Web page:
Skip to main content
CJ listing black overlay list overlay FA listing

Criminology at Ryerson

The Criminology program at Ryerson examines the key players and institutions that affect, and are affected by, the justice system and other institutions of regulation. We seek to understand the balancing of the interests of victims, offenders, the public, and politicians along with concerns about human rights and social justice. This makes the field of criminology incredibly dynamic and ever-changing and is reflected in our curriculum. You will learn about the operation of the criminal justice system, the professionals that work within the system, and the various stakeholders that are involved. The ability to think critically about issues in criminology and the substantive knowledge you will acquire, will prepare you for work in criminal justice related fields as well as postgraduate education.
Read More

Scholarship and Awards

The Department of Criminology offers full time students a number of awards each academic year. Take the time to explore the many scholarships and awards available – and apply!

A public awareness project by Dr. Anne-Marie Singh and M.A. student Émilie Vanhauwaert on crime myths and facts

Crime, Myth or fact? The legal system is fair?

A series of infographics presents official and research based data from Statistics Canada, the police themselves etc., and encourages people to critically reflect on their own beliefs about crime and the legal system.

The first infographic engages with the belief in the fairness of the legal system as captured in the image of the scales of justice as perfectly balanced. The second infographic address fear of crime and specifically perceptions about crime in Toronto. Lastly, the third infographic is about police defunding and how it might affect our security and public safety.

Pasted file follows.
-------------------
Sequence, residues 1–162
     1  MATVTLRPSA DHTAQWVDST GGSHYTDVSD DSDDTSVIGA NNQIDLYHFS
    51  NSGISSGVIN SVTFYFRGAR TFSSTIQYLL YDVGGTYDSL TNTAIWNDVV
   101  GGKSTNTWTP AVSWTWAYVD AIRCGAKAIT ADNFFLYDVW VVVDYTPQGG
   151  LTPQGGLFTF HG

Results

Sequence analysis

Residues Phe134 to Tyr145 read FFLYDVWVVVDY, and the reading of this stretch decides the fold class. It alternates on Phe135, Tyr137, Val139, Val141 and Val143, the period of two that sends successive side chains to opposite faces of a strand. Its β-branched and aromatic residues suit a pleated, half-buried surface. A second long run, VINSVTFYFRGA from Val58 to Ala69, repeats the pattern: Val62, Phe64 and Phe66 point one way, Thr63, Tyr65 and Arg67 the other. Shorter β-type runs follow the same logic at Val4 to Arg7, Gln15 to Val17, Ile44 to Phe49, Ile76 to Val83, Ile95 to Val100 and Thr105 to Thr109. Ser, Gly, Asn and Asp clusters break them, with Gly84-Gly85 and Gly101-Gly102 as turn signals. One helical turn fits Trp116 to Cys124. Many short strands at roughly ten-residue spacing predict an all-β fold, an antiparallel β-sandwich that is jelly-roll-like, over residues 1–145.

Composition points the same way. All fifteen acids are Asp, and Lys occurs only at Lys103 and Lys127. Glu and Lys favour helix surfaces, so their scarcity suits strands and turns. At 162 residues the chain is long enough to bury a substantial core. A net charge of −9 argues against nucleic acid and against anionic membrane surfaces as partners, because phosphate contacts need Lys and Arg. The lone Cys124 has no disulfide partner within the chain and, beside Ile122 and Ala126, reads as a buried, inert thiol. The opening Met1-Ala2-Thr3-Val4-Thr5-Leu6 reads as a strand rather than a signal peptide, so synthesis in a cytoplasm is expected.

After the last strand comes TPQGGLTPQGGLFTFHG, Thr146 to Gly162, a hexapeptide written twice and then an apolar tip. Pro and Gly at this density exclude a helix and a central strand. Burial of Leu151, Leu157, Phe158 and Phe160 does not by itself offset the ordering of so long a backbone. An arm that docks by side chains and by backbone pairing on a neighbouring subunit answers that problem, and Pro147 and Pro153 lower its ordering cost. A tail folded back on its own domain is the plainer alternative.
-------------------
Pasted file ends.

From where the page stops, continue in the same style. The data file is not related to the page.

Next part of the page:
Read More

Checkout this wonderful comic Criminology's Emily van der Meulen was involved in

Police officers questioning two individuals after losing a friend to drug overdose.

In 2017, the Canadian government passed the Good Samaritan Drug Overdose Act, a law meant to provide certain legal protections for people who witness an overdose and call 911 for emergency assistance. Criminology’s Emily van der Meulen partnered with Janet Butler-McPhee and Sandra Ka Hon Chu of the HIV Legal Network on a new research study with people who use drugs, looking at the Good Samaritan law and whether it is working as intended. You can find their research report, published in June 2020, here.

This comic illustrates one of the important findings: that while overdoses are a medical emergency, police are often attending overdose scenes – with negative consequences for people who use drugs – despite the fact that police presence has not been requested nor is it warranted. 


View the full comic

    • Tajriyan Tapader
    • Department: My hope is to make a meaningful contribution to the field, and I know that this program will provide me with the groundwork to do so.
      Phone: Criminology
    • Michelle Reece
    • Department: I am in the process of acquiring the necessary qualifications to pursue a career in Law. The goal is to become an Immigration Lawyer.
      Phone: Criminology
    • Ann Obasohan
    • Department: I am in the process of acquiring the necessary qualifications to pursue a career in Law. The goal is to become an Immigration Lawyer.
      Phone: Criminology